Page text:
# How the MBRDisjoint() function works in Mariadb?

The `MBRDisjoint()`

function is a useful tool for performing spatial queries in Mariadb.

The `MBRDisjoint()`

function is a useful tool for performing spatial queries in Mariadb. It allows you to check whether the minimum bounding rectangle (MBR) of one geometry is disjoint from the MBR of another geometry. This means that the two geometries do not share any point in common, not even at the boundary.

## Syntax

The syntax of the `MBRDisjoint()`

function is as follows:

```
MBRDisjoint(g1, g2)
```

The function takes two arguments:

`g1`

: A geometry value that represents the MBR of the first geometry. It can be a point, a line, a polygon, or a geometry collection.`g2`

: A geometry value that represents the MBR of the second geometry. It can be a point, a line, a polygon, or a geometry collection.

The function returns a boolean value that indicates whether the MBR of `g1`

is disjoint from the MBR of `g2`

:

`1`

(true): The MBR of`g1`

is disjoint from the MBR of`g2`

.`0`

(false): The MBR of`g1`

is not disjoint from the MBR of`g2`

.`NULL`

: Either`g1`

or`g2`

is NULL or invalid.

## Examples

In this section, we will show some examples of how to use the `MBRDisjoint()`

function in different scenarios.

### Example 1: Checking if a point is disjoint from a rectangle

Suppose you have a table called `places`

that stores the information of various places, such as their name, location, and type. The location column is a point geometry that represents the latitude and longitude of the place. You want to find the places that are outside of a rectangular area defined by two points: (40, -120) and (50, -110). You can use the `MBRDisjoint()`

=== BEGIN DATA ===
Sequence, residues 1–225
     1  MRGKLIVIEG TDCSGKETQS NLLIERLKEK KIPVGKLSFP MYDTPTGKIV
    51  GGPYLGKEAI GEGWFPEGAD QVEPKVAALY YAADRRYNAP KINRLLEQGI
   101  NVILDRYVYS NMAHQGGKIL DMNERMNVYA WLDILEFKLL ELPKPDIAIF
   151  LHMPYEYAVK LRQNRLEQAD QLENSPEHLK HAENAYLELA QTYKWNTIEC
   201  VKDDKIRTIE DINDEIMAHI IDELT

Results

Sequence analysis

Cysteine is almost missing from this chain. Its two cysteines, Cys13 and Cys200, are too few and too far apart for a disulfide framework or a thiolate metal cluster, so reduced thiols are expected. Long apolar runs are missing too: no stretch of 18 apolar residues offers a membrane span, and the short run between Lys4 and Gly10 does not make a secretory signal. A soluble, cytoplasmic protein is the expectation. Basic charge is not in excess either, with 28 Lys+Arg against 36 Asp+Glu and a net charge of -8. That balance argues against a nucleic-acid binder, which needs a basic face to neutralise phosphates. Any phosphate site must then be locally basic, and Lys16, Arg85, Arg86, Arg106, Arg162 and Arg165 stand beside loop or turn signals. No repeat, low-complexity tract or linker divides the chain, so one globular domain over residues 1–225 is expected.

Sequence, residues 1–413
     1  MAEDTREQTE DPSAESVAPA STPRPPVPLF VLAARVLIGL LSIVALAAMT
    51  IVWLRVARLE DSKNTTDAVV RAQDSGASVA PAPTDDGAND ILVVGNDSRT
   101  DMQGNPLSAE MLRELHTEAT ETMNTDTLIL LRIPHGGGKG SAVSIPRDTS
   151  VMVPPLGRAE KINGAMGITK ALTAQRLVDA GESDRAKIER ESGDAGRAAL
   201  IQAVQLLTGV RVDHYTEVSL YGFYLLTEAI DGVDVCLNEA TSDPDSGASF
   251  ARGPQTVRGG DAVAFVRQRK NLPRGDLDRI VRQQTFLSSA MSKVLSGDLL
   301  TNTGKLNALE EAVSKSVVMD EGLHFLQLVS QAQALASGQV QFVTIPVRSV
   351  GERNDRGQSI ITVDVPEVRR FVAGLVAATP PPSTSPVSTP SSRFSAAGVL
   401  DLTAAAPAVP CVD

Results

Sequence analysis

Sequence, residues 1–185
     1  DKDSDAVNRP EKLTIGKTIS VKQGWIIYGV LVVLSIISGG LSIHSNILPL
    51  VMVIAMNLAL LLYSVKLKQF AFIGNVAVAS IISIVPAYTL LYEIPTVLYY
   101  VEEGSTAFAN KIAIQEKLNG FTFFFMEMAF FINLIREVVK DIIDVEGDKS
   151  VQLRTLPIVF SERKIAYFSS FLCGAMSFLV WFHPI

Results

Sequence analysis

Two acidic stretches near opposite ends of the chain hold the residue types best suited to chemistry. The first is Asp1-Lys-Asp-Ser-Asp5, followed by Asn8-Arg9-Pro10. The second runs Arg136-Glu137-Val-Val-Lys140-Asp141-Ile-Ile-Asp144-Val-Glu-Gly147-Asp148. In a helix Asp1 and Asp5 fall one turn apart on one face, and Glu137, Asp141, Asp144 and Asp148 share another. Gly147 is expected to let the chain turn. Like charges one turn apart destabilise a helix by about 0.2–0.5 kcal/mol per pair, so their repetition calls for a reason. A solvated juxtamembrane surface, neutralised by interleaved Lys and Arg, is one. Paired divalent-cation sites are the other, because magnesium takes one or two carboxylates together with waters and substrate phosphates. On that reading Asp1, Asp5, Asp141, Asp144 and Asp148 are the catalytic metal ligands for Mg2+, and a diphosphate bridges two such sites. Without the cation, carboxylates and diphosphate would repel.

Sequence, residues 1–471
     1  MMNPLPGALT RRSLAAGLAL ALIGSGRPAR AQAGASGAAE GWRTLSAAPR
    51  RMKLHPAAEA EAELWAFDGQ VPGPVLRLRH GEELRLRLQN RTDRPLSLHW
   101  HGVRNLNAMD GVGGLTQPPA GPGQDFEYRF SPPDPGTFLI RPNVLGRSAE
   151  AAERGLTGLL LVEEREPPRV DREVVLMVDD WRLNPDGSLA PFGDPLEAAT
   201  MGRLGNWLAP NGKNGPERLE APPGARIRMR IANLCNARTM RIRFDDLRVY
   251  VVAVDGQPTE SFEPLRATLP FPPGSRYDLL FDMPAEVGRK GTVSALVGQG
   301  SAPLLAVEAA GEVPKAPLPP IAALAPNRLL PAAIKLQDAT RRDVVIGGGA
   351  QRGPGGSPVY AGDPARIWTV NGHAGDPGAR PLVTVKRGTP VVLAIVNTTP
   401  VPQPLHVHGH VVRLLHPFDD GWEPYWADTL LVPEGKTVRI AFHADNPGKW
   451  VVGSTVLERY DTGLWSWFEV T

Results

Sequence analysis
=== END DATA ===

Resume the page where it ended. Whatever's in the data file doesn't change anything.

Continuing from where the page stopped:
function to check if the location of each place is disjoint from the MBR of the rectangle. For example, you can execute the following statement:

```
SELECT name, location, type FROM places
WHERE MBRDisjoint(location, ST_GeomFromText('LINESTRING(40 -120, 50 -110)'));
```

This will return the name, location, and type of the places that are outside of the rectangular area, or an empty result set if none of them are. For example, the result might look like this:

```
+--------------+--------------------------+--------+
| name | location | type |
+--------------+--------------------------+--------+
| New York | POINT(40.7128 -74.0060) | city |
| Miami | POINT(25.7617 -80.1918) | city |
| Denver | POINT(39.7392 -104.9903) | city |
| Grand Canyon | POINT(36.1069 -112.1129) | park |
+--------------+--------------------------+--------+
```

### Example 2: Checking if a polygon is disjoint from another polygon

Suppose you have a table called `countries`

that stores the information of various countries, such as their name, area, and boundary. The boundary column is a polygon geometry that represents the outline of the country. You want to find the countries that are disjoint from the boundary of China. You can use the `MBRDisjoint()`

function to check if the boundary of each country is disjoint from the MBR of the boundary of China. For example, you can execute the following statement:

```
SELECT c1.name, c1.area, c1.boundary FROM countries c1
JOIN countries c2 ON c2.name = 'China'
WHERE MBRDisjoint(c1.boundary, c2.boundary);
```

This will return the name, area, and boundary of the countries that are disjoint from the boundary of China, or an empty result set if none of them are. For example, the result might look like this: